Undoubtedly one of the best things about working for the State of Oregon was the furlough days. Mandatory three-day weekends once a month? Sign me up. I didn’t get paid vacation time anyway, so it hardly hurt my financial situation to have one unpaid day off each month.
Alas, I had my last furlough day last weekend. If I want time off at my new job, I gotta ask for it.
I wanted to take advantage of the long weekend, so we decided to take a mini-vacation up to Olympia. Anyone who’s lived in or around Washington for a while might find that a little odd, and you’d be right. Olympia turned out to be a weird choice. However, we had a few reasons for going there. We’re still hoping to move out of Salem and maybe even Oregon sometime in the near future. (Now that I’m re-applying for grad school, that may not happen after all, but one thing at a time.) Since western Washington is generally pretty rad, but also pretty expensive, we decided we should scope out the Olympia/Lacey area. I’ve lived near Seattle most of my life, but have never spent more than a day or so in Olympia. Hence, a vacation with purpose.
Turns out Olympia has two kinds of people: retired folks who support Rossi, and hippie Evergreen students. I’m not sure how they all manage to coexist, or what happens when you throw in the Catholic kids at St. Martin’s University in Lacey. I think if you gave me a map of Olympia, I could chart out where each groups’ holdouts were. The Evergreen kids have a solid grip on downtown – it’s packed with grungy coffeeshops, used book stores, and tattoo parlors. The white-collar and/or retired folks have occupied the malls and filled them with Ann Taylors and Coldwater Creeks and Chicos. They also left space for their offspring, who seem to have a variety of Wet Seal-esque shops to visit during school lunch break. The retirees, meanwhile, have taken over one entire peninsula and packed it with retirement communities.
The peninsulas were actually a lot of fun to explore. I’m used to Lake Sammamish, which has always been stacked three deep with megamansions. Around Olympia, though, the houses are older and modest. Some of them have significant acreage, and it’s clear they’re used for horse pasturing. Most of the time, you can’t even see the houses or the water – the forest is still thick and wild on both sides of the road.
And on the tip of one peninsula, we discovered the Olympia Golf & Country Club, which turns out to be absolutely the most gorgeous place to get married ever. Except maybe Hawaii.
Unfortunately, they charge $1,800 in “social membership fees” if you want to get married there and you’re not a member. My heart, it is broken.
The other surprising thing about Olympia is that it has more of a metro area than I had expected. I think we crossed the borders of Tumwater and Lacey two or three times each day without realizing it. We spent a good portion of Friday evening crossing I-5 in search of the mysterious brick ruins of the Olympia Brewing Company, which is located in – yep – Tumwater. I’d seen the building several times while driving back and forth to school, but I didn’t realize you could get close to it until I spotted a photographer’s blog, in which he tested a new lens on the site of the ruins. So Kevin and I went through a very scientific process that involved studying Google Maps and plugging addresses into the GPS that seemed somewhat close-ish to the site.
Well, just before the rain set in, we found the place.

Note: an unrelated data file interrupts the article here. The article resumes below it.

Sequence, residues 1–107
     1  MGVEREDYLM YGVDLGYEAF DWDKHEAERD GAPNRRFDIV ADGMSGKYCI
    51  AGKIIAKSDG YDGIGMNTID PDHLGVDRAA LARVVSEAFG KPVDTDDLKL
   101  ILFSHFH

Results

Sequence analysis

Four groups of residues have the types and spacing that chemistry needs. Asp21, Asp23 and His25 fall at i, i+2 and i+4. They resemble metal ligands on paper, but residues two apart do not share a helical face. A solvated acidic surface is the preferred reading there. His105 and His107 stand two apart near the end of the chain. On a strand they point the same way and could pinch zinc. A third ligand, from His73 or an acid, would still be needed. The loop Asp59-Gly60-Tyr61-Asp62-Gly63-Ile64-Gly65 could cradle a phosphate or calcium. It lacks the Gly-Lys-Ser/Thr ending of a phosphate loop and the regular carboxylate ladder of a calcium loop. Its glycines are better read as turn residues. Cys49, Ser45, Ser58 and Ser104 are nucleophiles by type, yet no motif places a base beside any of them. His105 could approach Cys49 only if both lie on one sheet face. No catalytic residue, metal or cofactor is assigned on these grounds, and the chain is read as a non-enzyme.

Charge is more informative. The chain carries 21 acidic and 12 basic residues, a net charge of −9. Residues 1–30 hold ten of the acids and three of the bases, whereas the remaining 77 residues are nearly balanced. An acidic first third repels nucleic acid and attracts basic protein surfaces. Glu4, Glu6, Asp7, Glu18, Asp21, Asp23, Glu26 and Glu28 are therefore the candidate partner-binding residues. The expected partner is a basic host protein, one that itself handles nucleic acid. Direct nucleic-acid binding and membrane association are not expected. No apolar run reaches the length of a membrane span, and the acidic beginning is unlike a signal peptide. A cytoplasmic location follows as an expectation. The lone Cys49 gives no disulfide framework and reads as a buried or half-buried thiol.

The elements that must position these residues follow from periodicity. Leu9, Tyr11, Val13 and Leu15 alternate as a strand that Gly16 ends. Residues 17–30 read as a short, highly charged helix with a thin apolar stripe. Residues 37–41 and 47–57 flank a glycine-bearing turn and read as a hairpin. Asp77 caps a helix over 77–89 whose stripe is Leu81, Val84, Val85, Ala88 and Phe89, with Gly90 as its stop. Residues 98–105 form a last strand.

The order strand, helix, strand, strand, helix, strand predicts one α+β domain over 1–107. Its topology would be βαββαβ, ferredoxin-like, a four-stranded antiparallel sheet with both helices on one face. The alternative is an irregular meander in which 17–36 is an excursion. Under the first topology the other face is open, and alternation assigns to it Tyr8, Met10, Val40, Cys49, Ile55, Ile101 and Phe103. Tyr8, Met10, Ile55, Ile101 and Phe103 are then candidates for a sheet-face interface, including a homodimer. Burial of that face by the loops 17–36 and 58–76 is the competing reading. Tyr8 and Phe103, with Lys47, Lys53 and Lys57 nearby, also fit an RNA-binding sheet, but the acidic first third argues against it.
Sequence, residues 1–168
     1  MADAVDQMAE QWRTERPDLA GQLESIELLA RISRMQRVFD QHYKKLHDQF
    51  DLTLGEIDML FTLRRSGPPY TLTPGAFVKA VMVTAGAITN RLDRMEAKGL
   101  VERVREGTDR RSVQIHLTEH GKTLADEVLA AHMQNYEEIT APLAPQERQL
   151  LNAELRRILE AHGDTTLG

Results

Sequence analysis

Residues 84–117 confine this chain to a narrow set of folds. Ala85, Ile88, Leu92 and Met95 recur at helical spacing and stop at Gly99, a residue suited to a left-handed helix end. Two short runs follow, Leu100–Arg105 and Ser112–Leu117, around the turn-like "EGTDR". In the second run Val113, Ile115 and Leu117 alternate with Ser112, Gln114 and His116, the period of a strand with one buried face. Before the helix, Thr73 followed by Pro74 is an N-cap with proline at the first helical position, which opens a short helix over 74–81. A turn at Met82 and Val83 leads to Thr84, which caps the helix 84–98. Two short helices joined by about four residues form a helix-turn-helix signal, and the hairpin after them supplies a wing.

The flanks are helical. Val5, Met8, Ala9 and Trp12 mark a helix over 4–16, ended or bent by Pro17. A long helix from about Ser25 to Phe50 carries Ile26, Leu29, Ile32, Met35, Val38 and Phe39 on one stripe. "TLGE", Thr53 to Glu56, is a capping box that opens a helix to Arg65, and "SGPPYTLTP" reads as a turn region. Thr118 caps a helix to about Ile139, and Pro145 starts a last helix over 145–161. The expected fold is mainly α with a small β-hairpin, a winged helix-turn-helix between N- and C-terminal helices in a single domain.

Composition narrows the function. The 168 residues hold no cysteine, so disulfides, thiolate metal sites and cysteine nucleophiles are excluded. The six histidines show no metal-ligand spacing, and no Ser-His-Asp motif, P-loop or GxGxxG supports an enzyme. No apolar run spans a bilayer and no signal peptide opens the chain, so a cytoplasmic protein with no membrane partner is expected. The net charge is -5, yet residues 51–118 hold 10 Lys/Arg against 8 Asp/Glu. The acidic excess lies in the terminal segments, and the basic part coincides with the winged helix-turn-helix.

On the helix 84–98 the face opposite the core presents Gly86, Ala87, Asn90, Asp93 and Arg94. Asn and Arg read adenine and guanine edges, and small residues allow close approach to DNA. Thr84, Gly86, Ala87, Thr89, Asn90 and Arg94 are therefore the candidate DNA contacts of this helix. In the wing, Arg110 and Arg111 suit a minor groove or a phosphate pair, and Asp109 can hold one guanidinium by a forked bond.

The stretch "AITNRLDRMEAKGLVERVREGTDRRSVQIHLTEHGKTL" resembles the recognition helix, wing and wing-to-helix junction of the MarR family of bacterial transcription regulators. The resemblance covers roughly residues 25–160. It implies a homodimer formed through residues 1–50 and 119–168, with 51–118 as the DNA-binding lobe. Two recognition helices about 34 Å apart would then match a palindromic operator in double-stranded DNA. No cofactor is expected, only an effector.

I wish we had been able to get closer, but we never found a way to get around the lake. We did find one bridge, but…well…it was occupied. By spiders.
Maybe this is a Pacific Northwest phenomenon, but around late September, we get a sudden infestation of spiders. Not little spiders or spindly daddy-longlegs or anything like that – big, fat, spiky, stripey spiders with huge abdomens and gigantic webs.
And they nest everywhere; for example, in the holly and other brush around this particular bridge. Kevin, who is not at all fond of spiders, hung back as I began to count the webs on just one side of the bridge. As the number passed five, he backed up even further, and by the time we’d reached the final count – 11, in about 6 cubic feet of brush – he was on the other side of the path.
I don’t blame him one little bit. These are big freakin’ spiders. Bringing in the garbage cans at home was always a challenge this time of year, because the spiders would set up a gauntlet of webs spanning the hedges on the side of our house. I always had to run through waving a broom around to clear them out, and then drag the cans through backwards while wearing the all-important hood to keep the little creeps from falling down the back of my neck.
Anyway. We drove a little further north to the other brewery ruins, the ones that were abandoned in the early 2000s. These aren’t nearly as scenic, but they do boast a hatchery and a couple bridges over the falls.
The hatchery was pretty fun to watch. There’s a building in the back left, which is the fishes’ final destination – a big pool where they all flop around and presumably wait to be relocated to spawning grounds. But to get there, they have to swim up a gigantic ladder, which starts way down at the bottom of the falls and proceeds up under the grates in the sidewalk. It’s a pretty neat design, much more user-friendly than the Issaquah hatchery, that allows visitors to watch fish progress every step of the way.
There were a few macho fish that hadn’t quite figured out the ladder, and they kept attempting to jump the falls.
We also had a lot of fun on Saturday exploring the farmer’s market with Tess. We ended up not staying too long on account of being followed around by a creepy guy, but we grabbed lunch at the super tasty Iron Rabbit, where you can get enormous, delicious burgers, bread pudding, and local beers.